“This is a critical position,” she stated. “The responsibility to bring in the ‘right’ individual that will continue to build on the foundation set by our founders was an assignment that I did not take lightly.”

Board Trustee Committee Chair Patricia Kearns and her organization QLI have prioritized involvement with the Alliance since the beginning, with the QLI COO and CFO serving as trustees, too.

“Not long into my tenure as CEO for QLI, Bev [Kracher] encouraged me to also become a trustee, because she felt strongly that ethics start at the top of every organization and every CEO should be engaged with the Alliance in some capacity,” Kearns said. “Bev was also intentional about recruiting more female leaders to the organization.”

Kearns welcomed a group of like-minded individuals, serious about ethical business practices, who further supported her growth as a leader and QLI’s ethical decision-making.

“The Business Ethics Alliance has been a tremendous resource for QLI and has made me a better leader,” Kearns added.

Omaha native Joe Woster’s first brush with the Alliance was a “speed ethics” event in 2016.

“Young professionals went around a room of business leaders and quickly discussed approaches to various dilemmas,” he explained. “I was hooked from day one and have volunteered for the Alliance ever since.”

Woster balances board membership and chairing its long-term strategy committee with involvement in the Omaha Community Foundation, Joslyn Art Museum, UNO and his day job managing strategy and innovation at Blue Cross and Blue Shield of Nebraska.

“A strong and supportive partnership between a staff and board is so important for advancing an organization’s mission,” Woster said. “I believe in what the Alliance does and want us to succeed. So, the opportunity to co-create our future was exciting to me.”

Thus far, Woster is most proud of helping to “steer an event-based organization through the thick of the pandemic.”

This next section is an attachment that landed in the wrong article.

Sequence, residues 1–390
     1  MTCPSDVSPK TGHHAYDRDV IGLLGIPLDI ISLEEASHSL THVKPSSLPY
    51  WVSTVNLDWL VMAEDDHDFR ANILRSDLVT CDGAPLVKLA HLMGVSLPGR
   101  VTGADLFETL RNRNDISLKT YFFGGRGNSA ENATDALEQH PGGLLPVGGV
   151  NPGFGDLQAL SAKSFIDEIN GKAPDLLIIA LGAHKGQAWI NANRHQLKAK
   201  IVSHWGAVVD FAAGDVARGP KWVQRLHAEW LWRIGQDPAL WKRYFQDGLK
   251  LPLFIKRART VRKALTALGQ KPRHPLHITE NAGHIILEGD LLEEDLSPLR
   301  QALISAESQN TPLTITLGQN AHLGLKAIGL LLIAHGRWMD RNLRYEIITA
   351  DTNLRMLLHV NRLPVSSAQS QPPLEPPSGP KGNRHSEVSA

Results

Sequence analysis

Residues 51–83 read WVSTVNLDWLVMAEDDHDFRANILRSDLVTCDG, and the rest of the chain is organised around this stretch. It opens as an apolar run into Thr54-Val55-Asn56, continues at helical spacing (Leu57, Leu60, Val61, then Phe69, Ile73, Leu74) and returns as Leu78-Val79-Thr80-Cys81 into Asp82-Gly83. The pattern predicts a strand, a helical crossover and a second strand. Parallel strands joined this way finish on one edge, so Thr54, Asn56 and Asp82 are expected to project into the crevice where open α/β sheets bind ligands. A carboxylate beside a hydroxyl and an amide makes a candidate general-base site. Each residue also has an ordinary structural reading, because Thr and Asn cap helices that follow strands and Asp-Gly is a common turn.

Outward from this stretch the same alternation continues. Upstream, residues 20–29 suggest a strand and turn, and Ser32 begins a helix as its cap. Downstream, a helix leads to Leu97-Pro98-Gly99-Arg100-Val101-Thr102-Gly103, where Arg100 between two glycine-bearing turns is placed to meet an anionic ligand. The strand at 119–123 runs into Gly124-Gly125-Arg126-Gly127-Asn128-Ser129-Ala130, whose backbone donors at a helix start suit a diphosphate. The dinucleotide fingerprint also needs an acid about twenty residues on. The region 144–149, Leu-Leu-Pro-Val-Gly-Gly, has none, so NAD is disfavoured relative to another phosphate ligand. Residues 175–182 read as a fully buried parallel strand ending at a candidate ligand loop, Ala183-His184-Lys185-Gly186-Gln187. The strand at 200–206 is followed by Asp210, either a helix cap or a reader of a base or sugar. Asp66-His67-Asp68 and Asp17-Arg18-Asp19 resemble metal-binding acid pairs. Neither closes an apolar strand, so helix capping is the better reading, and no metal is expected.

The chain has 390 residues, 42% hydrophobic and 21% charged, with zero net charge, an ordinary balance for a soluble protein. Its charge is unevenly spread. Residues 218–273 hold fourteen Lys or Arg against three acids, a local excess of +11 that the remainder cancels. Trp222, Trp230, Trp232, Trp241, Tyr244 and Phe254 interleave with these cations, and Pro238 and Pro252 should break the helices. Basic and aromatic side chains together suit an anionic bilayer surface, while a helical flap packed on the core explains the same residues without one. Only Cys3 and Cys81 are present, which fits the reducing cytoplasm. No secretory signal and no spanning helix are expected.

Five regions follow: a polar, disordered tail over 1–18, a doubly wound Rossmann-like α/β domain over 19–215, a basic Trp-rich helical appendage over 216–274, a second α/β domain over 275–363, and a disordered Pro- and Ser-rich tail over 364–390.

He noted this was no easy task amid a leadership transition.

“I’m proud of everyone who stepped up and grateful to all the organizations who supported us through a challenging time,” Woster added.

A Call to Action

Pohl emphasized that organizations of all sizes can benefit from an intentional focus on positive, practical business ethics.

“Making ethical decisions takes exercising your moral muscle,” he said. “The more preparation you put in, the better the outcome when you make a tough decision.”

Ethical decisions in business are not always easy or clear-cut, Pohl stressed, and committing to ethics as individuals, companies and a community creates an environment whereby all can learn and grow together.

Moyer also pointed back to its mission statement: “We build leaders, we strengthen, and elevate the Greater Omaha community.”

“Who wouldn’t want to be a part of an organization that does that?” she said. Kearns emphasized how the Alliance has become a unique and valuable resource.

“It is now in our hands to continue the prioritization on ethics in our business community and assure the Alliance remains a healthy resource,” she said.

Referring to the upcoming EthicSpace conference, Kearns noted how easy it is to engage.

“I have absolutely no doubt that every leader, regardless of industry and company size, will benefit from being part of the Business Ethics Alliance,” she said.

Woster encouraged to not be shy about participating in upcoming events.

“Ethical organizations win in the long run, and this creates prosperity for their people and communities,” he said. “Supporting the Business Ethics Alliance fosters an environment where leaders can discuss positive, practical approaches to tough situations and spread this culture to others.”